And now I freely walk
Into the arms of Christ my Lord.[18]

Thank you that this morning, in all of the various political structures of our world, we are able to declare that Jesus Christ is King. And then, Lord, help us to live underneath his kingly rule. For we pray in his name. Amen.


[1] See Psalm 119:18.

[2] Ecclesiastes 3:1 (ESV).

[3] 1 Samuel 11:15 (ESV).

[4] 1 Samuel 11:14 (ESV).

[5] David Brooks, The Road to Character (New York: Random House, 2015), xi.

[6] James 3:1 (paraphrased).

[7] 1 Samuel 8:11–18 (paraphrased).

[8] Ecclesiastes 12:1 (ESV).

[9] Deuteronomy 8:11 (ESV).

[10] See Romans 6:4.

[11] 1 Samuel 8:5 (paraphrased).

[12] 1 Samuel 11:1 (ESV).

[13] Psalm 111:10; Proverbs 9:10 (ESV).

[14] 1 Samuel 7:8 (ESV). Emphasis added.

[15] Philippians 1:6 (ESV).

[16] Dale Ralph Davis, 1 Samuel: Looking on the Heart (Fearn, Great Britain: Christian Focus, 2000), 129.

[17] Robert Burns, “Tam o’ Shanter” (1790).

[18] Niki Shepherd, Jonny Robinson, and Rich Thompson, “Grace” (2016).

Copyright © 2021, Alistair Begg. Used by permission. All rights reserved.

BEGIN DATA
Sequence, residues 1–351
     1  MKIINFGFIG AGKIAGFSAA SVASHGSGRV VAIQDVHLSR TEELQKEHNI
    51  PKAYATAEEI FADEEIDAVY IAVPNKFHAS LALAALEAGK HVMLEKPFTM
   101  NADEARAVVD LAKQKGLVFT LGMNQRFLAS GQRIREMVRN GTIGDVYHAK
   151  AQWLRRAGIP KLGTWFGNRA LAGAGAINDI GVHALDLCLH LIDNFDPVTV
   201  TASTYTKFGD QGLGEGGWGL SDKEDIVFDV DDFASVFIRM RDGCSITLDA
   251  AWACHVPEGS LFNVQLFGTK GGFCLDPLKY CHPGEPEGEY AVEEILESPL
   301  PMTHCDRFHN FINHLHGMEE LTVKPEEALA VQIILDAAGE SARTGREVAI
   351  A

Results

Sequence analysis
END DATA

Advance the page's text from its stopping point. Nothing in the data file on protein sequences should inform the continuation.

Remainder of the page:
Unless otherwise indicated, all Scripture quotations for sermons preached on or after November 6, 2011 are taken from The ESV® Bible (The Holy Bible, English Standard Version®), copyright © 2001 by Crossway, a publishing ministry of Good News Publishers. Used by permission. All rights reserved.

For sermons preached before November 6, 2011, unless otherwise indicated, all Scripture quotations are taken from The Holy Bible, New International Version® (NIV®), copyright © 1973 1978 1984 by Biblica, Inc.TM Used by permission. All rights reserved worldwide.

Alistair Begg
Alistair Begg is Senior Pastor at Parkside Church in Cleveland, Ohio, and the Bible teacher on Truth For Life, which is heard on the radio and online around the world.